CHAMISHOH MI YODEI'A - FIVE QUESTIONS ON THE WEEKLY SEDRAH - PARSHAS SHOFTIM 5771 - BS"D
1) Ch. 16, v. 18: "B'chol sh'o'recho" - Why does the Torah require that we set up courts in so many places?
2) Ch. 16, v. 19: "Ki hashochad y'a'veir einei chachomim vi'sa'leif divrei tzadikim" - What are these two negative results, "blinding the eyes of wise men and distorting the words of righteous men," that arise from accepting a bribe?
3) Ch. 16, v. 20: "Tzedek Tzedek Tirdof L'maan Tich'yeh V'yorashto Es Ho'oretz" - Why are specific these two benefits the result of "tzedek tzedek tirdof?"
4) Ch. 17, v. 1: "Lo sizbach laShem shor vo'seh asher yi'h'yeh vo moom" - Why does this prohibition come on the heels of the laws of appointing judges and setting up courts?
5) Ch. 18, v. 22: "Asher y'da'beir hanovi b'sheim Hashem v'lo yi'h'yeh hadovor" - As per the gemara Shabbos 55a, if someone claims to have heard a prophecy from Hashem that is detrimental and it does not come to fruition, this is no proof of a false prophet. Perhaps the decree has been retracted by virtue of repentance (see Rashbam). However, when a person claims that he has received a prophecy for the good and it does not come to fruition, this is a clear indication that he is a false prophet and the end of this verse, "Lo sogur mi'menu" should be applied to him. Where is there an indication in our verse that this rule only applies to a positive prophecy?
Establishing courts in all communities lightens the work load of each court, thus relieving the judges of having to rush through the cases brought for adjudication. They are thus less likely to make mistakes. As well, by knowing that there are numerous other courts, the judges will be prompted to thoroughly study the information brought in front of them, so as to come to a proper conclusion, since litigants who might feel that they were judged improperly have the option to take their case to another court. This insight explains how the verse begins with the appointment of judges, "ti'ten l'cho" and switches to the responsibility of the judges, "v'shoftu es ho'om mishpat tzedek." (Rabbi Shmuel Alter)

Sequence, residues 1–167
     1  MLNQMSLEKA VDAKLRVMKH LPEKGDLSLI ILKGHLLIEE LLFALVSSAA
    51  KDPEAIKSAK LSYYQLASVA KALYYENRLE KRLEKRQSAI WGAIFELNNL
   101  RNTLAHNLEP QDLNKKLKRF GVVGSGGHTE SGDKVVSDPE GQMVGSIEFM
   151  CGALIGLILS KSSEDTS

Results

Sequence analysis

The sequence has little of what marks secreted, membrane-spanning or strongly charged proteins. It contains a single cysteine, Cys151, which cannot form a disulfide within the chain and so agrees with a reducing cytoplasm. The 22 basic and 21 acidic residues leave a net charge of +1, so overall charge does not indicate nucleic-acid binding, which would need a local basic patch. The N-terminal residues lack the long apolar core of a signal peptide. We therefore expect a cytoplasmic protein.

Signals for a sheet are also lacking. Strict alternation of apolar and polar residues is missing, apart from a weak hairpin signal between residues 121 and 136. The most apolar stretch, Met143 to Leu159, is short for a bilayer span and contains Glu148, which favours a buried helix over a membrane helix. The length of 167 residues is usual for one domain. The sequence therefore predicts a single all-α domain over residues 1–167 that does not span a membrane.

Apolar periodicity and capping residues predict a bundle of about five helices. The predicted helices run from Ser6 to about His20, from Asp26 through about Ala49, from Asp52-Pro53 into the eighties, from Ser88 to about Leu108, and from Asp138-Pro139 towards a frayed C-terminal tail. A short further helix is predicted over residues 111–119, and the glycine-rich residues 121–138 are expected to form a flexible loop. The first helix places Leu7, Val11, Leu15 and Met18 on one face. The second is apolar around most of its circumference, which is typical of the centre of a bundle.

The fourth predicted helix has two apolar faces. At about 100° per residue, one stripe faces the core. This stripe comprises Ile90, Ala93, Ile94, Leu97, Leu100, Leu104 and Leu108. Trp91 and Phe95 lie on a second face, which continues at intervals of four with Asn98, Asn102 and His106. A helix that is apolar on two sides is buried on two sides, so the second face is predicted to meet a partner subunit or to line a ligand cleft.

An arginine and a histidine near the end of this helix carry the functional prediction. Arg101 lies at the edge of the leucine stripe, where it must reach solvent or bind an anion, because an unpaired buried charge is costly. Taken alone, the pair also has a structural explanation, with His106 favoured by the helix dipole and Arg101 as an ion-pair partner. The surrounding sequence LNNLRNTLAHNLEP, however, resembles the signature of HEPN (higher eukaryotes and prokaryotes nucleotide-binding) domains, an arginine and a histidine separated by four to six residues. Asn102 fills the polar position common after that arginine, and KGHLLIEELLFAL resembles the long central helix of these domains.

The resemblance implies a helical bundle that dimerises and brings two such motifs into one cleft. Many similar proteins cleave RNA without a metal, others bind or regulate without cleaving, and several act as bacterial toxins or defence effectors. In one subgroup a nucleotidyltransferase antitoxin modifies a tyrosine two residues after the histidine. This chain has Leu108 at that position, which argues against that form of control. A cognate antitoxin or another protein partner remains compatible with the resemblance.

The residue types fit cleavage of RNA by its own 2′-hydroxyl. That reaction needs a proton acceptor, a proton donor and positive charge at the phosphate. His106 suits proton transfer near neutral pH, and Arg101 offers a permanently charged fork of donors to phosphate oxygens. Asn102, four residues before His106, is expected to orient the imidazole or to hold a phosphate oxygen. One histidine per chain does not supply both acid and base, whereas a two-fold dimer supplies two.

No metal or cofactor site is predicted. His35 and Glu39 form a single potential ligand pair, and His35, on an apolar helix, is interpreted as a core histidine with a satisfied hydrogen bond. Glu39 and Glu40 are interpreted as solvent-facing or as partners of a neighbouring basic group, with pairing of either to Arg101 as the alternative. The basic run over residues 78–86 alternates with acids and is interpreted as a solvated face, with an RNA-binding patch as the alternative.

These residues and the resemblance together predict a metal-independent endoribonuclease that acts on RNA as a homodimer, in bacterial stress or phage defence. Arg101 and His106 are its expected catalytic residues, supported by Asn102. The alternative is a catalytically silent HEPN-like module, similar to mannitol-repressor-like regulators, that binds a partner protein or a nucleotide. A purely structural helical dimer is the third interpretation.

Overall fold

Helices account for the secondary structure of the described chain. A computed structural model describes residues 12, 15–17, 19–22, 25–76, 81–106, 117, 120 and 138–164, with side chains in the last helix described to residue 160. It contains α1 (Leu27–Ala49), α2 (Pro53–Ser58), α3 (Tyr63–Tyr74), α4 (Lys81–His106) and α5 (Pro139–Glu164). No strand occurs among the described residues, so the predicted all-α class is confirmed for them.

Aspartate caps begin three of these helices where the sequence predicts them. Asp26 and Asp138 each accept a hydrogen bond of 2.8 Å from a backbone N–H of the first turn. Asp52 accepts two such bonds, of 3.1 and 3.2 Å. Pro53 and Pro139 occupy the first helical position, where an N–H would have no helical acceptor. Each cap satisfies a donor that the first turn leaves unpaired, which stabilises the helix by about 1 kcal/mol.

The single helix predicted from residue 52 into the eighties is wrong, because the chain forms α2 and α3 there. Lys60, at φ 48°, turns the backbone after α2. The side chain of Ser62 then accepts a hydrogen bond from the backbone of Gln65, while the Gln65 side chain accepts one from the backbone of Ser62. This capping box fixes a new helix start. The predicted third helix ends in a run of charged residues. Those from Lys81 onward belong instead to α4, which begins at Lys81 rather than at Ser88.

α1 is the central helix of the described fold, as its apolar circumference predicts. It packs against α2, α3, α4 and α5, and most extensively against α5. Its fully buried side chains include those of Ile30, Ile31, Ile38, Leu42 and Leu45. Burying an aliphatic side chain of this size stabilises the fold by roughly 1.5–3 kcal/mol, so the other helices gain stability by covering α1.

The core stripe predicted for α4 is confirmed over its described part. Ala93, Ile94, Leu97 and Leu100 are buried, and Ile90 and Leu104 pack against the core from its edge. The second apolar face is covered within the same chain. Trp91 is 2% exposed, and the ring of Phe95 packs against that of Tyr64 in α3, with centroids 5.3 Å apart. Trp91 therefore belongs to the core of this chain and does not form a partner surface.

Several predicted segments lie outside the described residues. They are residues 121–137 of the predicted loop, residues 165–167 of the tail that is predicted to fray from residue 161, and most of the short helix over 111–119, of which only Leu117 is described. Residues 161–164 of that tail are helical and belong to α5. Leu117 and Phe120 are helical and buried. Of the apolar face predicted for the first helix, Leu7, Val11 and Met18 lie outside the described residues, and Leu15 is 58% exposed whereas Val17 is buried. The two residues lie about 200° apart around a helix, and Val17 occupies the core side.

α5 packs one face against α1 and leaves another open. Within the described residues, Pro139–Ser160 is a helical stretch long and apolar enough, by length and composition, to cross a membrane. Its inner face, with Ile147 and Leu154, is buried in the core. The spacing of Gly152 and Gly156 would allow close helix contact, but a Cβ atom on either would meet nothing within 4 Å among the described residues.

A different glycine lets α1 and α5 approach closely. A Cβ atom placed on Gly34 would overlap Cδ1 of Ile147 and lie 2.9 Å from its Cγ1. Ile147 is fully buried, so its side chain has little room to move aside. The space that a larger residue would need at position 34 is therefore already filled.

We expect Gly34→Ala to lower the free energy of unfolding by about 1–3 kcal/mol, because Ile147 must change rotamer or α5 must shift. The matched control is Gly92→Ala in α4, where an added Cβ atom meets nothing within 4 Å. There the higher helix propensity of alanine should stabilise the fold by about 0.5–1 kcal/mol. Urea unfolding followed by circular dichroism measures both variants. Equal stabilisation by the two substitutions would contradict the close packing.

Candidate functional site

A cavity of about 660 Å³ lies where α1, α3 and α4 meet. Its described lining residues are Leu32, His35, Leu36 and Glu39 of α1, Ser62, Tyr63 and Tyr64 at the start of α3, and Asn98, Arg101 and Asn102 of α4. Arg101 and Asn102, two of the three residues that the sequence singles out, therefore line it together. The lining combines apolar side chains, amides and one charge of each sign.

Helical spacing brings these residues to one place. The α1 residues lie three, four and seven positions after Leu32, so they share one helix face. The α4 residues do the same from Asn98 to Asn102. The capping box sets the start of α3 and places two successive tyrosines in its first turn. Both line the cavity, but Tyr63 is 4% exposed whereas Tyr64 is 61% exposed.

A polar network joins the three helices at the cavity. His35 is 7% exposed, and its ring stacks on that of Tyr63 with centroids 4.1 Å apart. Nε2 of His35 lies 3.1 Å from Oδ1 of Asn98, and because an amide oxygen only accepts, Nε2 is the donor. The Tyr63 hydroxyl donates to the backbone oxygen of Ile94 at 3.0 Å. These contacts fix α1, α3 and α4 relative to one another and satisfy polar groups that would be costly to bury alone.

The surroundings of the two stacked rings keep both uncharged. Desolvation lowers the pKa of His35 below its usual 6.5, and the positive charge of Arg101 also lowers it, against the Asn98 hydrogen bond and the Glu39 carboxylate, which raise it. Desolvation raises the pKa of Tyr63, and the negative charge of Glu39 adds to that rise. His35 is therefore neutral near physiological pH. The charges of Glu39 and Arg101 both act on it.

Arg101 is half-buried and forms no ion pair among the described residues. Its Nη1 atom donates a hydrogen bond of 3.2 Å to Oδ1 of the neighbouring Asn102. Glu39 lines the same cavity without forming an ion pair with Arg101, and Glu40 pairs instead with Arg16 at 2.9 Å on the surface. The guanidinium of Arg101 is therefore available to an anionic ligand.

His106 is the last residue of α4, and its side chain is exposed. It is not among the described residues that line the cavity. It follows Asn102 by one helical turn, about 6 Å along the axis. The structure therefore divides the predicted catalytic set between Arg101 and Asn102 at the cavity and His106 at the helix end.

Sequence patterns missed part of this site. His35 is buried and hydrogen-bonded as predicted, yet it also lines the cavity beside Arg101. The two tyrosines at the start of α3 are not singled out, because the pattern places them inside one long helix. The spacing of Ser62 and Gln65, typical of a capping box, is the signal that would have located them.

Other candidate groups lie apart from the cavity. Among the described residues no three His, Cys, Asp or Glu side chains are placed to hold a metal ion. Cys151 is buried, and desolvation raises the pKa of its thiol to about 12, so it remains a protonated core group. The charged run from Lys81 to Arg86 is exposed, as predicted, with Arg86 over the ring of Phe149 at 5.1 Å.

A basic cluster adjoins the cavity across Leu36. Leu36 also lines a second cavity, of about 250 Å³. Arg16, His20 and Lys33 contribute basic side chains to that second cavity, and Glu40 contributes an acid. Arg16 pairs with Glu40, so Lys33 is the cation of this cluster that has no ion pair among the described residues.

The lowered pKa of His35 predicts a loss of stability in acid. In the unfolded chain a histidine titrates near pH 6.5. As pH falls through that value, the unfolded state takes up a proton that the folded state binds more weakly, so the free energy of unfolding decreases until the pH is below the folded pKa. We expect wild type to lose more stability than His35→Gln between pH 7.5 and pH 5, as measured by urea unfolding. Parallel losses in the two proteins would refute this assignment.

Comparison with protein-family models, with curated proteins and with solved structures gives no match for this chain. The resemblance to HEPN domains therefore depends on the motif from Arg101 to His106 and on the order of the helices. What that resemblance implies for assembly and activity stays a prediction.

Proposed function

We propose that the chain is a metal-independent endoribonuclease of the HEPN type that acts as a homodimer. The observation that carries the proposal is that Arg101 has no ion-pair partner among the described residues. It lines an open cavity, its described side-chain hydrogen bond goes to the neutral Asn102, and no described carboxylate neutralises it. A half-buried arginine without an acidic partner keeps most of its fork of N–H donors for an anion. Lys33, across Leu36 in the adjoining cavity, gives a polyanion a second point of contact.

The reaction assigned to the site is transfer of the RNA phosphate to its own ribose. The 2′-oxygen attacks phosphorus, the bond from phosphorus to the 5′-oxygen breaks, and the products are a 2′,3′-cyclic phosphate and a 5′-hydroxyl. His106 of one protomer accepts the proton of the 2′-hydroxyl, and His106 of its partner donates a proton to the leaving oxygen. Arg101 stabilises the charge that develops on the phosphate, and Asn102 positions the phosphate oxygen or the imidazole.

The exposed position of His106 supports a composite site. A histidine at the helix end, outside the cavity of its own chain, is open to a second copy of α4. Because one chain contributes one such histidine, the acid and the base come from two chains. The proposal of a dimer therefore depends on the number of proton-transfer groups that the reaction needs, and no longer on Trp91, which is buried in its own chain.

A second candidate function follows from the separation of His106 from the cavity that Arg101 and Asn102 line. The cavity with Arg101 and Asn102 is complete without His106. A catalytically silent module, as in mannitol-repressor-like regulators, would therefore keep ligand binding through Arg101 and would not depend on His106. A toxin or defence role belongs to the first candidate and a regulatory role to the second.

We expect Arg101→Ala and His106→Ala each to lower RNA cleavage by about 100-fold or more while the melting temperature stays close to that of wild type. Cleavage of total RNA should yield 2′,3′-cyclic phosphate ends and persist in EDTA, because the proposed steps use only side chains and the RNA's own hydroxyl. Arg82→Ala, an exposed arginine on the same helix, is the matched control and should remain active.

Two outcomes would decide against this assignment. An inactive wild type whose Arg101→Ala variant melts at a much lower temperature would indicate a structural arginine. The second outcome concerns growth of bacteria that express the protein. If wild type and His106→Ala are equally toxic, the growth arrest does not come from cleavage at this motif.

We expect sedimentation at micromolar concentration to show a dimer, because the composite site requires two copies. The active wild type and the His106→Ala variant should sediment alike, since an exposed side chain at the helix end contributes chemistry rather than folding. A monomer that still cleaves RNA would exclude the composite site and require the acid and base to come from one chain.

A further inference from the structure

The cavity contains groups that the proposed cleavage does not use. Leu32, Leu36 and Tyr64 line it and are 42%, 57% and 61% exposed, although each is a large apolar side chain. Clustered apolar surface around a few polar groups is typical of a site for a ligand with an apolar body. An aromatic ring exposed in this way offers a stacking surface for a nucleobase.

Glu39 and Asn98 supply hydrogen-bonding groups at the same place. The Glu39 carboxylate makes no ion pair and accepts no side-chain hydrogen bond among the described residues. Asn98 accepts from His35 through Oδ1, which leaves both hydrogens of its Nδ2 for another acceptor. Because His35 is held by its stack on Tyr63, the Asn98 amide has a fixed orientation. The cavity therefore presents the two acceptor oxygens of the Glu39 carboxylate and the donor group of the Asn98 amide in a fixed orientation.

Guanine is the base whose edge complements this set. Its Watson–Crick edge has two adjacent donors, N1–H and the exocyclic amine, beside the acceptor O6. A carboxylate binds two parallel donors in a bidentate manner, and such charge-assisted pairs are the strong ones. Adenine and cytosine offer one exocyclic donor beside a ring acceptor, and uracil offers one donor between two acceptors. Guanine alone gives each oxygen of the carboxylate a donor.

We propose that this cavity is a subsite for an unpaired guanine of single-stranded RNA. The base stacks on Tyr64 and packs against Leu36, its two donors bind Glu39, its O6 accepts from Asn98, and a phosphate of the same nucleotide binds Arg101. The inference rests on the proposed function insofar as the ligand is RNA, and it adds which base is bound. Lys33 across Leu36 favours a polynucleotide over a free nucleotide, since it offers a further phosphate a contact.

The Yalkut Shimoni remez #353 and #907 gives numerous insights.
Possibly this can also be explained with the words of the R"I of Goche translated from the Arabic in the Shitoh M'ku'betzes on B.K. 92b. He writes that the Torah teaches us the moral lesson of gratitude even in regard to an inanimate object, as we find that Moshe did not activate the plagues of blood, frogs, and lice, since the Nile River provided him with safe harbour and the earth provided him with a place to hide the body of the Egyptian whom he slew. Rather, Aharon brought about these plagues. He then relates a happening that transpired with the RI"F. The RI"F was ill and his doctor advised him that he required daily hot baths and complete rest. There was a very wealthy person in his community of Fez who offered him to move into his home and to bathe daily in his in-home bathhouse, an almost unheard of rarity in those days. As well, all his needs would be taken care of, including being wined and dined. The RI"F took him up on his most generous offer, and after a few months recovered from his illness and totally came back to his full strength.